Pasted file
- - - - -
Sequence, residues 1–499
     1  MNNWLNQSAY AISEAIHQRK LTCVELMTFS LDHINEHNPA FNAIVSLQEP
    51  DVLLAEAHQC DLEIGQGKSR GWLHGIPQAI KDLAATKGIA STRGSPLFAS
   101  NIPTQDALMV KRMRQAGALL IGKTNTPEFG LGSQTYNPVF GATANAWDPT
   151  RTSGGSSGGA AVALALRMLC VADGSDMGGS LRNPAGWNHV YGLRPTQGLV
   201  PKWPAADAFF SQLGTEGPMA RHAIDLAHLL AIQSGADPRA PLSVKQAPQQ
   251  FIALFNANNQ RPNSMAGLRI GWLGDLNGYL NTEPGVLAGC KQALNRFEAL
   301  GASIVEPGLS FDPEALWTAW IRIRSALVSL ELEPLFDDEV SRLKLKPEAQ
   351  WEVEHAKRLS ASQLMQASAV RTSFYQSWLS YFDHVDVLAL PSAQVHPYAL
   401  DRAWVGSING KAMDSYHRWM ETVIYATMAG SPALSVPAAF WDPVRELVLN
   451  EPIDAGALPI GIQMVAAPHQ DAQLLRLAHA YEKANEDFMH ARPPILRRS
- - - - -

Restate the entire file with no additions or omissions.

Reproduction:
Sequence, residues 1–499
     1  MNNWLNQSAY AISEAIHQRK LTCVELMTFS LDHINEHNPA FNAIVSLQEP
    51  DVLLAEAHQC DLEIGQGKSR GWLHGIPQAI KDLAATKGIA STRGSPLFAS
   101  NIPTQDALMV KRMRQAGALL IGKTNTPEFG LGSQTYNPVF GATANAWDPT
   151  RTSGGSSGGA AVALALRMLC VADGSDMGGS LRNPAGWNHV YGLRPTQGLV
   201  PKWPAADAFF SQLGTEGPMA RHAIDLAHLL AIQSGADPRA PLSVKQAPQQ
   251  FIALFNANNQ RPNSMAGLRI GWLGDLNGYL NTEPGVLAGC KQALNRFEAL
   301  GASIVEPGLS FDPEALWTAW IRIRSALVSL ELEPLFDDEV SRLKLKPEAQ
   351  WEVEHAKRLS ASQLMQASAV RTSFYQSWLS YFDHVDVLAL PSAQVHPYAL
   401  DRAWVGSING KAMDSYHRWM ETVIYATMAG SPALSVPAAF WDPVRELVLN
   451  EPIDAGALPI GIQMVAAPHQ DAQLLRLAHA YEKANEDFMH ARPPILRRS